Session Title: Imaging of Rheumatic Diseases - Poster II: XR/CT/PET/MRI
Session Type: ACR Poster Session B
Session Time: 9:00AM-11:00AM
Background/Purpose: There has been increasing interest in hip morphology as a risk factor for OA. There is a need for frequency estimates in the general population (Dickenson OAC 2016). We aimed to provide a description of these measures in a well-characterized community-based cohort.
Methods: This cross-sectional analysis involved data collected during 1991-1997 from the Johnston County OA Project. Hip morphology measures were defined using OxMorf software (Oxford, UK). Radiographic hip OA (rHOA) was defined, at the participant level, if at least one hip had Kellgren-Lawrence grade 2 or more. Descriptive means and 95% confidence intervals for hip measures were obtained from unadjusted regression and logit models, as appropriate, using GEE to account for within-participant hip correlation, stratified by sex and rHOA status; comparisons were qualitative.
Results: Complete data were available for 4519 hips from 2263 individuals, mean age 64 years, mean BMI 29 kg/m2, 30% African American, 39% male. Several measures although different by sex, did not differ substantially between those with and without rHOA (triangular index height, femoral shaft angle, extrusion index, coxa profunda). Results for those without rHOA are shown in Table 1. Only crossover sign (~20%) and lateral center edge angle (CEA) <=25 degrees (~25%) were more frequently seen in the non-rHOA compared with the rHOA group. Pathologic AP alpha angles over 60 degrees were seen in 20% of men and 7% of women, while only around 1% had a triangular index sign, both signs of cam-type morphology. About a quarter had CEA <=25 degrees, consistent with mild dysplasia. In contrast, several measures were higher in those with rHOA in at least one hip (Table 2), including AP alpha angle, Gosvig ratio, the proportion with triangular index sign, CEA >40 degrees, and protrusio acetabuli. AP alpha angle > 60 degrees was twice as common in those with rHOA (26% overall; 39% of men, 20% of women) versus those without, and 5% had a triangular index sign. Other measures suggestive of cam type deformity (continuous alpha angle and Gosvig ratio) were also higher compared to the non-rHOA group. CEA > 40 degrees was about twice as frequent among men and women with rHOA versus those without. Protrusio was twice as frequent among women with versus women without rHOA, but was rare in men.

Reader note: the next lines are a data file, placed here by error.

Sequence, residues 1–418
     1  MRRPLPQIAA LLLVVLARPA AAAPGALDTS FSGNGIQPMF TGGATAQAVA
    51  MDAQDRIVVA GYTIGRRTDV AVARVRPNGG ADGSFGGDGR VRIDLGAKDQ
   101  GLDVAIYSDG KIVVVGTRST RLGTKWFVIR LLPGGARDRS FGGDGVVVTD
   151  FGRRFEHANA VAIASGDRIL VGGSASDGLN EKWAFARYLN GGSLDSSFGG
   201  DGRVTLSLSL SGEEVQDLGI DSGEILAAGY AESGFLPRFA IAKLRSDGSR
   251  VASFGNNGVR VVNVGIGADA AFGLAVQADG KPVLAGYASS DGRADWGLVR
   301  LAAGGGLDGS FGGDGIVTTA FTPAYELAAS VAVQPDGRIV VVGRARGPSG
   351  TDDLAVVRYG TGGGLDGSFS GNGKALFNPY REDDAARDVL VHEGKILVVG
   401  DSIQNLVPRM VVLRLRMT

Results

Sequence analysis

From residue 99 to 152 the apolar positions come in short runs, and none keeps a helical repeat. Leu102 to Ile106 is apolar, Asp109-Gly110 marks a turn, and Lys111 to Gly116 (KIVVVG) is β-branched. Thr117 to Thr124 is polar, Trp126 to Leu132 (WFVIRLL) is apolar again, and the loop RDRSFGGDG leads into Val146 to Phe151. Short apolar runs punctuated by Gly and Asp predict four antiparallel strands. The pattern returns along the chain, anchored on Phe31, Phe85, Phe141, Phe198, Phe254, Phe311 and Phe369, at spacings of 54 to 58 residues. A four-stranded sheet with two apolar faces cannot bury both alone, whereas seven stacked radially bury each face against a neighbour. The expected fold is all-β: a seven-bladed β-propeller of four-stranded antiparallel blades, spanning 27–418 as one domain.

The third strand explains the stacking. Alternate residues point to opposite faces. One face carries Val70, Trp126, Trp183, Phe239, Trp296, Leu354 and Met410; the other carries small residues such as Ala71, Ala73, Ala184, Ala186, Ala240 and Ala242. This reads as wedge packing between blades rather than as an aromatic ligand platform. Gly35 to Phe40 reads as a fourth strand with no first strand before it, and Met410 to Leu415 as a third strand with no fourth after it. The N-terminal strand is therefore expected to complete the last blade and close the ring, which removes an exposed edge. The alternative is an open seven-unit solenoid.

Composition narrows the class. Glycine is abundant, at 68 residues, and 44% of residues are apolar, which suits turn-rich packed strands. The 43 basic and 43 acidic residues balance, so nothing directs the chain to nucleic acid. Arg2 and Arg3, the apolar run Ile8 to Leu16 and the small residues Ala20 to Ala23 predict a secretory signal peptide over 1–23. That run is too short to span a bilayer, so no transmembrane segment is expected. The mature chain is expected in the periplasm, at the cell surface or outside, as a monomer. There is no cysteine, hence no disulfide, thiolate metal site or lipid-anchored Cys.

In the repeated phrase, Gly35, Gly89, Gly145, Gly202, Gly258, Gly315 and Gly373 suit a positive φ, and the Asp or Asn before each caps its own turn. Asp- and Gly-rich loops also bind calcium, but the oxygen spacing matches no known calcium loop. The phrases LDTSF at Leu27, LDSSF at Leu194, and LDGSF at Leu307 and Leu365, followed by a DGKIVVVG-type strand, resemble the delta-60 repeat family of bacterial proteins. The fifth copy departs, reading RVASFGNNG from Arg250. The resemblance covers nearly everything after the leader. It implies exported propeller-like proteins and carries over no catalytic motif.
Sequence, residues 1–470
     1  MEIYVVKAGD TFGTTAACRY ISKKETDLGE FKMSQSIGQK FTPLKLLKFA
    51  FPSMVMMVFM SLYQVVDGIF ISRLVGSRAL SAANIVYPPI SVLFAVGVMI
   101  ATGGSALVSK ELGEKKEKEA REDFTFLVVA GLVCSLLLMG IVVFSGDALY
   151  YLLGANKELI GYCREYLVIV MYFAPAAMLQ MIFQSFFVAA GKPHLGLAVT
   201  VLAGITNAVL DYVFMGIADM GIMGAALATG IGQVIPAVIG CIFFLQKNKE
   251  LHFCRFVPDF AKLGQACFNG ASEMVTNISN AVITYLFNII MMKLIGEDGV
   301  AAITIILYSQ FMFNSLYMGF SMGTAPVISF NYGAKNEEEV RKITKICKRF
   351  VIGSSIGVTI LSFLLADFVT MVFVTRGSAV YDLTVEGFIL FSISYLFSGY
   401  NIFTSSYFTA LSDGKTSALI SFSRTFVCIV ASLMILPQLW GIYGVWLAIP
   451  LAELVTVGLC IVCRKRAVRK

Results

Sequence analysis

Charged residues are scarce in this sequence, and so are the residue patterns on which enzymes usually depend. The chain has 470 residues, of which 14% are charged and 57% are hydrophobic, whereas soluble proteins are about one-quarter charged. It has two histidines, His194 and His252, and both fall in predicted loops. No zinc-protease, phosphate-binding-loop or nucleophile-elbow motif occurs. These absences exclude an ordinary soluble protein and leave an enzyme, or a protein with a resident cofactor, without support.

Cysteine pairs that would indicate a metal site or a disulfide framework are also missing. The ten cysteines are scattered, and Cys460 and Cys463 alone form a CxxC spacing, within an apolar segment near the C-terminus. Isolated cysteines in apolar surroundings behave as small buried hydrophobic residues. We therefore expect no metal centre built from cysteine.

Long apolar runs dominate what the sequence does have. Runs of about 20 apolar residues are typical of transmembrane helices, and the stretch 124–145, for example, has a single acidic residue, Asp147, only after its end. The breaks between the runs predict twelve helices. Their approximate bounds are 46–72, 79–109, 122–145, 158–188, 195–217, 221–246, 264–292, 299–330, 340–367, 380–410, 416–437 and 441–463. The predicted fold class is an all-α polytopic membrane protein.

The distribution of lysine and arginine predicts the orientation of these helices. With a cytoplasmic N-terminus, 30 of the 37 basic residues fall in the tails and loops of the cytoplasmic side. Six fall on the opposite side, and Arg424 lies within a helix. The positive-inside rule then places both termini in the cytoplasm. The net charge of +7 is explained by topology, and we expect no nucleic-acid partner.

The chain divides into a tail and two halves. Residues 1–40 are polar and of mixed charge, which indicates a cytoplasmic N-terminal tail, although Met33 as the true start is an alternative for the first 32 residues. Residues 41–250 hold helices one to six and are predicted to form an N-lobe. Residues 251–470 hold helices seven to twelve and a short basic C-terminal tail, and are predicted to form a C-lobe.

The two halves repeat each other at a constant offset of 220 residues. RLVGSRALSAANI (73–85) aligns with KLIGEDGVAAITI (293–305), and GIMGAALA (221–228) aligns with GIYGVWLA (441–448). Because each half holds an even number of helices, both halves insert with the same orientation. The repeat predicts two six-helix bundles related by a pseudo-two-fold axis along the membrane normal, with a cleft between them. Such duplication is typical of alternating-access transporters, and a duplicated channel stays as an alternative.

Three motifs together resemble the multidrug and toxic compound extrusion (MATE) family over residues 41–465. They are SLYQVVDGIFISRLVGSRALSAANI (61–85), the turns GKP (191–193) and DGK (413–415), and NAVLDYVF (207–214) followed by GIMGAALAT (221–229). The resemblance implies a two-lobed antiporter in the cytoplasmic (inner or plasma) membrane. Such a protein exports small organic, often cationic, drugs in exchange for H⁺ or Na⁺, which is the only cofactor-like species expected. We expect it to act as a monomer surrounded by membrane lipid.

Conclusion: One out of 5 men without rHOA, and 2 out of 5 with rHOA, have a pathologic AP alpha angle in this sample. Radiographic assessment of most measures is confounded by morphologic changes due to rHOA; however, some were not. Both cam-type (alpha angle, Gosvig ratio) and pincer-type (protrusio, CEA >40 degrees) were more common in those with rHOA.
To cite this abstract in AMA style:Nelson AE, Raveendran R, Stiller JL, Alvarez C, Renner JB, Schwartz TA, Arden NK, Jordan JM. Description of Radiographic Hip Measurements By OA Status in a Large Community-Based Study of African American and White Men and Women [abstract]. Arthritis Rheumatol. 2016; 68 (suppl 10). https://acrabstracts.org/abstract/description-of-radiographic-hip-measurements-by-oa-status-in-a-large-community-based-study-of-african-american-and-white-men-and-women/. Accessed August 4, 2021.
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ACR Meeting Abstracts - https://acrabstracts.org/abstract/description-of-radiographic-hip-measurements-by-oa-status-in-a-large-community-based-study-of-african-american-and-white-men-and-women/